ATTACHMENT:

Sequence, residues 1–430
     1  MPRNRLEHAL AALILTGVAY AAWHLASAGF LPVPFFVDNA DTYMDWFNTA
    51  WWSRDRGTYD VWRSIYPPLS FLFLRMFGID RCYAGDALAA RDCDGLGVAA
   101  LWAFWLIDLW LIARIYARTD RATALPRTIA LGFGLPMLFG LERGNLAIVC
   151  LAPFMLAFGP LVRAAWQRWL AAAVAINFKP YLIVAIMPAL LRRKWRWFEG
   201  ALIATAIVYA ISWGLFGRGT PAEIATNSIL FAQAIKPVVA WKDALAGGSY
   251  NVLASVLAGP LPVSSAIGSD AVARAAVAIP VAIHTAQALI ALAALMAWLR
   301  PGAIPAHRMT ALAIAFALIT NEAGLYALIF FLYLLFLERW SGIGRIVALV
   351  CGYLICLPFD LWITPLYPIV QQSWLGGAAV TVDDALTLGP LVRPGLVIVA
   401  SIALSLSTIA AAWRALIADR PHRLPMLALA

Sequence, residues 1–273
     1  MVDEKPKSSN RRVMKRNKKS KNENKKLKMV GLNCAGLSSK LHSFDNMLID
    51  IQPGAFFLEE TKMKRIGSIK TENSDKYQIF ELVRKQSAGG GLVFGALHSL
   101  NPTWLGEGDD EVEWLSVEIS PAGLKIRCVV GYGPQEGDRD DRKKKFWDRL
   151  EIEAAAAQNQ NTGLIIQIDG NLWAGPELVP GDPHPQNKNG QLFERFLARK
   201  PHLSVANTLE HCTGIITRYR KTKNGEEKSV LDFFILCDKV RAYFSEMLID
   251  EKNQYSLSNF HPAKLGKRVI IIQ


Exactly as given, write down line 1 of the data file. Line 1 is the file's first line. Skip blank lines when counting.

Sequence, residues 1–430